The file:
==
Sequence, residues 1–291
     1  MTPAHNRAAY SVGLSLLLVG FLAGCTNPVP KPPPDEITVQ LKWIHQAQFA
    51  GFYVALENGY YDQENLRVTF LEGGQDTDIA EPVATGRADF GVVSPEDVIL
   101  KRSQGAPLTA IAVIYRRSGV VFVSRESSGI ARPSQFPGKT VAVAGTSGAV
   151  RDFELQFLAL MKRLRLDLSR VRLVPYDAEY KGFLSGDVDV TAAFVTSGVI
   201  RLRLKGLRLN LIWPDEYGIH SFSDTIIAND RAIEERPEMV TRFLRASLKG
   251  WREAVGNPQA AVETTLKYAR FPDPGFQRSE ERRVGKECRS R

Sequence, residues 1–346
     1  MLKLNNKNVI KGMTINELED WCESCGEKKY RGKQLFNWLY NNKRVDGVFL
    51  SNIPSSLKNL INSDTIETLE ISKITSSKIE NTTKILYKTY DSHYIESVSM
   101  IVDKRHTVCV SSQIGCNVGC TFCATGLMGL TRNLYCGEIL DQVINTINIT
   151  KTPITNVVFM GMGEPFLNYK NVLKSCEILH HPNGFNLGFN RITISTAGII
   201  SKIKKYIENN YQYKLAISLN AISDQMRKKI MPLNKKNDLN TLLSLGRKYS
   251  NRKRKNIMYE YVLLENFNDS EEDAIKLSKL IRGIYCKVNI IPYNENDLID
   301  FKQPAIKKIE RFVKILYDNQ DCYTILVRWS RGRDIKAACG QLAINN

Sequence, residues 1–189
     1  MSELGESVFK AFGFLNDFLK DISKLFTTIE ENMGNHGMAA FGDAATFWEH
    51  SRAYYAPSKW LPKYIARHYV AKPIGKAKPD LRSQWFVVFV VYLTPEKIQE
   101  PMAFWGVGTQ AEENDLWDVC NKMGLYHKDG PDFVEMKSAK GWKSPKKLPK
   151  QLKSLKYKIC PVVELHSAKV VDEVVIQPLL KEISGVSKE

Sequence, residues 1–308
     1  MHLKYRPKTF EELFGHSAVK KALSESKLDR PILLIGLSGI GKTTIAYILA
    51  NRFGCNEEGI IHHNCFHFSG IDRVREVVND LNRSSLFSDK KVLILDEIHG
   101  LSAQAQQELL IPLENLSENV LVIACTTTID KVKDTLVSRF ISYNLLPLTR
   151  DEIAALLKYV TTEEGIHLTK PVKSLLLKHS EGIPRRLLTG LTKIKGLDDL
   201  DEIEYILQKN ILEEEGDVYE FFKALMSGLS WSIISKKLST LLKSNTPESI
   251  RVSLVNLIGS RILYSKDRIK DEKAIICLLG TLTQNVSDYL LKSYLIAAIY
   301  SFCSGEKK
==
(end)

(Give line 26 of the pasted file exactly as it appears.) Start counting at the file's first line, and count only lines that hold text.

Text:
   201  DEIEYILQKN ILEEEGDVYE FFKALMSGLS WSIISKKLST LLKSNTPESI